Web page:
Lead Supervisor: Hilary Weller, University of Reading, Department of Meteorology

Email: h.weller@reading.ac.uk

Co-supervisors: Sarah Dance, University of Reading and Lorenzo Tomassini, UK Met Office

The fusion of high-resolution modelling and data science is the future of weather and climate research. This is reflected in the new generation of supercomputers which combine general-purpose computing with artificial intelligence. This project takes a highly innovative step, harnessing machine learning to improve the representation of clouds and atmospheric convection in weather and climate models.

Can data science be used to improve the representation of clouds and rain in climate models?

The global atmosphere is fueled by convection; rising hot air creates clouds, rainfall, extreme weather and drives the global atmospheric circulation. However the representation of convection is one of the weakest aspects of climate models (Tomassini, 2020). The lead supervisor has recently proposed a new approach for representing atmospheric convection; multi-fluid modelling (Weller et al, 2020), with a separate fluid partition for representing the convecting part of the flow, potentially enabling convection to be represented accurately with a fraction of the computing cost of fully resolving the convection. However the full form of the multi-fluid equations for representing convection is not known; terms in the equations are needed for transferring fluid between the partitions, representing pressure differences between the partitions and representing sub-grid-scale turbulence.

A wealth of data from high resolution simulations of convection is available from previous projects. This data will be used to find the size of the unknown terms of the multi-fluid equations. However we need to find the form as well as the size of the unknown terms so that they can be predicted using low-resolution, energy efficient models. This is where machine learning comes in. A library of resolved variables will be created on which the unknown terms may depend. The data science can then be used to discover which combination of resolved variables best reproduces the unknown, sub-grid terms. This will provide physical insight into how the coherent structures of convection act and to what extent that interaction can be universally represented.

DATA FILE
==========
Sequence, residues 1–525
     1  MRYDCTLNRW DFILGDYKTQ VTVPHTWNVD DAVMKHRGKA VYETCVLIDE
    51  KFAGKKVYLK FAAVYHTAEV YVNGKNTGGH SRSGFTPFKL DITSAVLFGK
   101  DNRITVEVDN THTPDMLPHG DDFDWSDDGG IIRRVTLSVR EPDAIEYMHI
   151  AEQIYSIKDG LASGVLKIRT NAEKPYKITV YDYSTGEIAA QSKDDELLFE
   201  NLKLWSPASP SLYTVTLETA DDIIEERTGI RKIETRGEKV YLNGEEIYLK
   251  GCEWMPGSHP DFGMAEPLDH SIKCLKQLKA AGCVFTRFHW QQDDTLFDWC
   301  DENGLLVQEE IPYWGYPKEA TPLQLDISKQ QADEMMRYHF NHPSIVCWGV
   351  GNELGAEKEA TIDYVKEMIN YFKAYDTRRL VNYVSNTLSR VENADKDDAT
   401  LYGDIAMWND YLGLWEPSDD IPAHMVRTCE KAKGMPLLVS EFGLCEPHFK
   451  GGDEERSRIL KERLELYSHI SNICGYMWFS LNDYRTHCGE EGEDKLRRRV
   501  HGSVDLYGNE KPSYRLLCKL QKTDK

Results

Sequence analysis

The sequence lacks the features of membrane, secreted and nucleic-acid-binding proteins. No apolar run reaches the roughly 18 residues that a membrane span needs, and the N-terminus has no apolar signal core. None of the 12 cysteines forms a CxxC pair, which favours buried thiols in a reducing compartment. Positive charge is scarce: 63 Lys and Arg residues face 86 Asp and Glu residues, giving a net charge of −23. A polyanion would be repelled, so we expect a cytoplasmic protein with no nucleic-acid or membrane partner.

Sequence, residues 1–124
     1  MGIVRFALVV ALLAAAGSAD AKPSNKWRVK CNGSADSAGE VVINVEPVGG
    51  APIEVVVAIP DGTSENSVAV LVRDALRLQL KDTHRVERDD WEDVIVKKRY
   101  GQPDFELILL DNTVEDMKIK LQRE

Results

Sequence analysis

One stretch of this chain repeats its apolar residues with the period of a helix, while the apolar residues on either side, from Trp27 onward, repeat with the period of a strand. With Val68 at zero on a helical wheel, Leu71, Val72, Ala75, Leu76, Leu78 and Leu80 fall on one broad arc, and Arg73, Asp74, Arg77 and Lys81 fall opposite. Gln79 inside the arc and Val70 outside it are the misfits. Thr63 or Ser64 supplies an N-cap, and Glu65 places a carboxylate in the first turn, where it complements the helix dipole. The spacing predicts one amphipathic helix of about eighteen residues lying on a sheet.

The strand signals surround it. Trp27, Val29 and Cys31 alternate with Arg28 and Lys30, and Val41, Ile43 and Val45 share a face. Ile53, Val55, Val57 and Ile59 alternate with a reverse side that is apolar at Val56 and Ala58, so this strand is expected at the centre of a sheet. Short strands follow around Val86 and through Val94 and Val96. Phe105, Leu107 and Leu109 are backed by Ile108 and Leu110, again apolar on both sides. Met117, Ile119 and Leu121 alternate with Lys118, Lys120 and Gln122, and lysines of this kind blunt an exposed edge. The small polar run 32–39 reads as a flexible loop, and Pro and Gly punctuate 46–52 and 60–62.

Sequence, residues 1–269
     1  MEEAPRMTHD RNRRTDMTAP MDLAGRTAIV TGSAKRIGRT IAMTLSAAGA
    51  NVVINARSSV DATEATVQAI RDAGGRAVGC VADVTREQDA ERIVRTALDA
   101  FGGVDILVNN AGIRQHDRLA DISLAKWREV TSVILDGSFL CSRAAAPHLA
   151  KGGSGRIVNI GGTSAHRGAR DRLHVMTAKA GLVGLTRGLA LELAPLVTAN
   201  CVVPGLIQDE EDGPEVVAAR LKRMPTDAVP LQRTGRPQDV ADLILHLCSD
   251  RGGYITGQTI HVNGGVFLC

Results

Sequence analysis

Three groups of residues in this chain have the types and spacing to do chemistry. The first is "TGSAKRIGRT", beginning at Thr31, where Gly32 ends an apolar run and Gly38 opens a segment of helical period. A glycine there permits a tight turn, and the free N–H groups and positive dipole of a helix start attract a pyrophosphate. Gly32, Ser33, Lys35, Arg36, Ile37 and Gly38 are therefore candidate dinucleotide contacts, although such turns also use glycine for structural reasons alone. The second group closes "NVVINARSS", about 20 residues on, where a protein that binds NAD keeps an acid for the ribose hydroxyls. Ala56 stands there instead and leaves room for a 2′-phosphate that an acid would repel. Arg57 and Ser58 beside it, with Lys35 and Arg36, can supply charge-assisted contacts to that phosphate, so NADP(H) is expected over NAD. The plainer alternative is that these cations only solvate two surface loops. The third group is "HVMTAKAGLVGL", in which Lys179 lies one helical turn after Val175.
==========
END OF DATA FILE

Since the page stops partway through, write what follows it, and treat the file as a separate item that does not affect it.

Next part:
The terms identified by the data science techniques will be implemented into an existing three-dimensional multi-fluid model of the atmosphere and evaluated by simulating various convection test cases. The project is timely because of the wealth of high-resolution data now available and the maturity of multi-fluid modelling which has shown promise in simplified settings and now needs to be confronted with high resolution data.

Training opportunities:

The student will spend time working with Lorenzo Tomassini at the Met Office using the new supercomputer with artificial intelligence capabilities, analysing high resolution convection data and evaluating the new Met Office model of atmospheric convection.

Student profile:

The project would be suitable for a student with a degree in physics, mathematics, engineering, or a closely related subject with a high mathematical content, programming experience and a desire to write good code with supervision and support. This project is also about low resolution, energy efficient computing so would suit a student with a desire to reduce the carbon footprint of weather and climate prediction.

Funding particulars:

This project has co-sponsorship from the UK Met Office in the form of a CASE award. This will supply an additional £1000 per annum to the student for three years and also funds travel and subsistence for the student to undertake a 3-month placement at the Met Office.

References:

  1. Weller, W. McIntyre, and D. Shipley. J. Advances in Modeling Earth Systems, 12(8), 2020.
  2. Tomassini, The interaction between moist convection and the atmospheric circulation in the tropics, Bull. Am. Meteorol. Soc., 101, 2020.